By Kelly Langin, Contributor
Lee Terry and Brad Ashford talked dirty campaign advertisements and elaborated on their positions in the country’s most important issues in the final debate for Nebraska’s second congressional district held at the Omaha Press Club on Oct. 16.
Ashford’s campaign advertisement attacks Terry’s stance on continuing to get paid during last year’s government shutdown. During the debate, however, Ashford, the Democratic candidate vying for a seat in the House of Representatives, did not elaborate on the claims of his advertisement. Instead, he pointed out Congress’ inability to work together, a popular theme in the last debate in September.
“Congress is broken,” said Ashford. He said Congress is only in session 92 days out of the legislative session, which is not enough time to make important decisions on the tough issues.
Terry, Ashford’s Republican opponent, did not shy away from pointing out the issue of the problems with the Good Time law his advertisement focuses on. The 16-year congressman alluded to a hearing held last year where several people testified that prisoners were being released early. He said Ashford did nothing about the testimonies and claimed he didn’t know about any prison-related problems.
“In the summer, there was a streak of horrible violence. That should have told him there was a problem,” Terry said, hinting at the fear caused by the early release of Nikko Jenkins, a murderer released last year as a result of the Good Time system. His political advertisement shames Ashford’s policies while displaying Jenkins’ mugshot.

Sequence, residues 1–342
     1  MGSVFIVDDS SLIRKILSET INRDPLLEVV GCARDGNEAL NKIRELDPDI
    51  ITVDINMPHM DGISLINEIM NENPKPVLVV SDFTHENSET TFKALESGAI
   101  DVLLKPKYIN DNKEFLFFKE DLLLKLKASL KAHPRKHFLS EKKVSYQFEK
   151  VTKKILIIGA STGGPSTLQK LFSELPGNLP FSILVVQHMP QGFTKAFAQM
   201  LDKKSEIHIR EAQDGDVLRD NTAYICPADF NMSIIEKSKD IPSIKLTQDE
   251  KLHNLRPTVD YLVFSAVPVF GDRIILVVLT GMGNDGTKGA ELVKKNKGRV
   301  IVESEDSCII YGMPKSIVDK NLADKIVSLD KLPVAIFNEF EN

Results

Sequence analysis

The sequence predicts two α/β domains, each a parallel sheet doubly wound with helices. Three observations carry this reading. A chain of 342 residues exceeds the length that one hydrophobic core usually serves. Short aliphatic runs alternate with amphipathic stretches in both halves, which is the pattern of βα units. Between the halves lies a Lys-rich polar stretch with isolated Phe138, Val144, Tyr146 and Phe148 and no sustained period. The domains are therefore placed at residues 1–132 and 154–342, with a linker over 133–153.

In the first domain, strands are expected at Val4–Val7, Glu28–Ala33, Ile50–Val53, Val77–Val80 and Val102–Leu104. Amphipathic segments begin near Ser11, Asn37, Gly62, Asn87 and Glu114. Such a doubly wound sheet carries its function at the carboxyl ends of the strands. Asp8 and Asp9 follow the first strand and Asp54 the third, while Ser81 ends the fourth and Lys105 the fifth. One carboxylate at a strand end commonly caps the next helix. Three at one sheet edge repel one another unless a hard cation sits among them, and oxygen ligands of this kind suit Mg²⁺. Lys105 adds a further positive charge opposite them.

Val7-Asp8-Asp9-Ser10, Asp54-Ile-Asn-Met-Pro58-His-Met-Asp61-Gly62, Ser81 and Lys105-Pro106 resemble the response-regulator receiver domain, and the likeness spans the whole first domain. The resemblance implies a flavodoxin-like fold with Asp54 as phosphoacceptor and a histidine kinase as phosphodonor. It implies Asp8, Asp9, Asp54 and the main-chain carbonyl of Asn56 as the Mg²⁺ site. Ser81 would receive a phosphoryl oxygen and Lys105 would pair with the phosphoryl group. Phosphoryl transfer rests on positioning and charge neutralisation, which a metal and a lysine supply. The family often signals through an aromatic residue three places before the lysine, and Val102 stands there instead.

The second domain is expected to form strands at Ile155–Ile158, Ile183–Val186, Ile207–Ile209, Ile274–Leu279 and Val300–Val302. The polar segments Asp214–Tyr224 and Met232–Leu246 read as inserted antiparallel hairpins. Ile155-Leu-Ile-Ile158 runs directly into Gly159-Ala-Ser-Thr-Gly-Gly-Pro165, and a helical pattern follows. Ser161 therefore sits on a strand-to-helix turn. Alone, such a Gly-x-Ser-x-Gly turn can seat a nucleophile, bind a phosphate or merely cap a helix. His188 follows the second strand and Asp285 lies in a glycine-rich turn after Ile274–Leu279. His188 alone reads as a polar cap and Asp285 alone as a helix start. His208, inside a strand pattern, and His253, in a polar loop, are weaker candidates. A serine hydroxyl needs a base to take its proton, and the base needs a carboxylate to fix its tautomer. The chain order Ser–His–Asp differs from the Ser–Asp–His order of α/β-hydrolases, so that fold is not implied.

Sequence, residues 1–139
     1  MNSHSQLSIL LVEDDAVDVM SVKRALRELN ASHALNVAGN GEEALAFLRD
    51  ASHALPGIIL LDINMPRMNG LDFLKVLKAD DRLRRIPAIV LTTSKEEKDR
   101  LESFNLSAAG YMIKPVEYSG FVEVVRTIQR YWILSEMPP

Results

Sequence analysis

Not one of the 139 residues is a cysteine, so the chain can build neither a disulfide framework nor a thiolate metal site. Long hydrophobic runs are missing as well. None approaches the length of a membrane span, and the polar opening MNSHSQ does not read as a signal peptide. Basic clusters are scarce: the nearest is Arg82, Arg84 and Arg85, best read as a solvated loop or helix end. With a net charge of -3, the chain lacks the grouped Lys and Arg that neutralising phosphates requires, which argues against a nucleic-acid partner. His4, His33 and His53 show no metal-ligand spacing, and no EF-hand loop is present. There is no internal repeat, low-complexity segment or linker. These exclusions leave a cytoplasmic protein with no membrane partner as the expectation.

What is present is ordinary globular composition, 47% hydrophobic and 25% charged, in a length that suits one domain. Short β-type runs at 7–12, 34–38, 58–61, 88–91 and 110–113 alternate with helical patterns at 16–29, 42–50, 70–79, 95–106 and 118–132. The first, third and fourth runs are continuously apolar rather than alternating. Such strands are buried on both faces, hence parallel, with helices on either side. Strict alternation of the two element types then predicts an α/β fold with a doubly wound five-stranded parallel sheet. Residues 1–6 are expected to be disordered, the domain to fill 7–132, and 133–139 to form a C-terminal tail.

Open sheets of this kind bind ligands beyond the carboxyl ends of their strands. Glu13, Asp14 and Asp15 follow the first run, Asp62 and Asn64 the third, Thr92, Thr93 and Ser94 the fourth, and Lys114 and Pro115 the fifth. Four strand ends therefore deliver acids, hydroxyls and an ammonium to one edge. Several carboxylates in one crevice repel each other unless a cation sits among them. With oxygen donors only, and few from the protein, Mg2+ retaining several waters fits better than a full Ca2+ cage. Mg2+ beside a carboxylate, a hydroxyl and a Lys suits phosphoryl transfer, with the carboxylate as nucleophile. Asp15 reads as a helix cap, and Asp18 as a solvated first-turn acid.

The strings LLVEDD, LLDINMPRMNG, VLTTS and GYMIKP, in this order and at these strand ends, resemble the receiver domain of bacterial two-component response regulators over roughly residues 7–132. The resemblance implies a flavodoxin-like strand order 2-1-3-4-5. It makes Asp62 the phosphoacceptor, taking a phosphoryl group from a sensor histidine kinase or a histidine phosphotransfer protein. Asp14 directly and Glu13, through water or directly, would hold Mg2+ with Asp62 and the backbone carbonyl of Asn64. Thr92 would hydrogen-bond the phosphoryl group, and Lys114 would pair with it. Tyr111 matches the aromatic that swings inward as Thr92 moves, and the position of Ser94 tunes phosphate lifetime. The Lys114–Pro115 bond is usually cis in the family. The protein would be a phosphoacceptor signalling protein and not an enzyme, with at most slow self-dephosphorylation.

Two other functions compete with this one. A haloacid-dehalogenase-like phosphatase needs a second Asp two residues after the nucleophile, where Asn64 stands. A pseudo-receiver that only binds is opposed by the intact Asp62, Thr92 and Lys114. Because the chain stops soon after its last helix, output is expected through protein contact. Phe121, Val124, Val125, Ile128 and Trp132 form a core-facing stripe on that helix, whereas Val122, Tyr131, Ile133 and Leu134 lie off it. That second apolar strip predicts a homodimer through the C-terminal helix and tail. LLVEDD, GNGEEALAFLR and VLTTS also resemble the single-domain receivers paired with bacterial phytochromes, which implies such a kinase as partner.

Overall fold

Terry then said although the public was “crying for reforms” of the Good Time Law, none of the bills were passed and Ashford “purposely bottled them up.”
“Nobody has a better record on public safety than I do,” Ashford replied, citing an Omaha World-Herald editorial. He said he has worked on prison reform since February of last year.
The Omaha World-Herald reported Friday the race between Terry and Ashford is believed to be the most amount both Republican and Democratic parties in Congress have spent on a Nebraska race, estimated at a total of $2 million. The most visual product of this expensive campaign is the television advertisements designed mainly to tear down the opponent instead of noting his own policies.
Throughout his campaign, Ashford mentioned the importance of working across the aisle for bipartisan outcomes on issues, but a new approach in Ashford’s tactic focused on friendship. He said more than once during the debate he will “find 25 friends” his first day as a congressman.
Terry and Ashford highlighted their disagreements that were mentioned in the debate in September. Terry often condemned Ashford’s supposed refusal to let important bills pass through his committee. In turn, Ashford insinuated Terry’s role in Congress’s tendency to repeal bills many times without actually reforming them.
Ashford believes the government should work to train the Free Syrian Army for defense against ISIL. Terry, however, believes the government should not train the Free Syrian Army for fear of accidentally “training our enemy of tomorrow.”
Terry reiterated his position of focusing on job training before individuals can earn higher wages. Ashford agreed that job training is vital but mentioned his popular stance on raising the minimum wage as a step toward minimizing the income gap.